I believe that peace is possible. Growing up in The Episcopal Church, I learned a lot about peace. In particular, I learned that peace is more than simply the absence of war. I learned that peace is about being in right relationship–with our fellow humans and with our world. I learned that peace is about working for justice for all people and respecting the dignity of every person–those seen and unseen. But perhaps the most important thing I learned is that peace is about being willing to engage in dialogue with others who have different beliefs.
Throughout the years I have endeavored to build relationships with people who come from backgrounds unlike my own. Even so, I haven’t always chosen to live alongside the people who have such dramatically different opinions from me. I know that I prefer to return to the comfortable landscape of the like-minded rather than to reside in the realm of radically opposing views.
Recently I found myself taking a more public stance with my belief than I had before, and in an area of the country where my belief is less popular than where I was raised. I was the contact person for a bus trip planned to attend a march protesting the war in Iraq. When I agreed to be the contact person, I thought to myself, “Well, here we are in a pretty conservative part of the country, so not that many people will want to go on the march, so not that many people will even notice.” For some reason, I thought only people interested in riding the bus to attend the march would respond. I was wrong. I opened my email the night that the announcement ran in the paper to find a scathing message awaiting me. “How dare you aid and comfort our enemies this way?” the soldier asked. “How can you betray our armed forces in this way?” “Don’t you realize that there will always be wars?” I was surprised as I read the soldier’s last question: the thought had never occurred to me. I have always believed that peace is possible. I responded to the email with as open a heart as I could, explaining not only my deep respect and support for the troops but also my conviction that peace is possible. I wasn’t sure what to expect in response, but the soldier wrote back, this time far less angry, sharing some of his own life experiences. With both of us willing to open our hearts, an actual conversation began.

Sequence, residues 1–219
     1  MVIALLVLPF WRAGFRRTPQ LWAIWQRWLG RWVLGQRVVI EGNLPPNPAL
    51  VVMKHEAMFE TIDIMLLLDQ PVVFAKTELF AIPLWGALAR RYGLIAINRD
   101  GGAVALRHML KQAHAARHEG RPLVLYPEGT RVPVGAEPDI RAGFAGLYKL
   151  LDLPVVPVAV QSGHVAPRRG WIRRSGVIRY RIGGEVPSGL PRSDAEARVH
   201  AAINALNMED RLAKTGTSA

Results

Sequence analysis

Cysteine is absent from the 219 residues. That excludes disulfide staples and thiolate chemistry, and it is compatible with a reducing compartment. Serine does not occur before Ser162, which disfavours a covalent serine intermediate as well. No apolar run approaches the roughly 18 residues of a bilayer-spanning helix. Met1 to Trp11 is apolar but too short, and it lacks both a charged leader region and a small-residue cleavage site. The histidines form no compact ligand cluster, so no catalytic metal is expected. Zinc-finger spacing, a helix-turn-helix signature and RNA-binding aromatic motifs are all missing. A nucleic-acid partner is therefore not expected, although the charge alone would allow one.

Now, I have become even more convinced that peace is possible, but I realize that I need to work toward it each and every day. I believe that if we are willing to take risks and to be vulnerable then we can truly enter into conversation. In so doing, I believe that we will find new ways to move forward and – someday – peace will be more than just possible, peace will be a reality.
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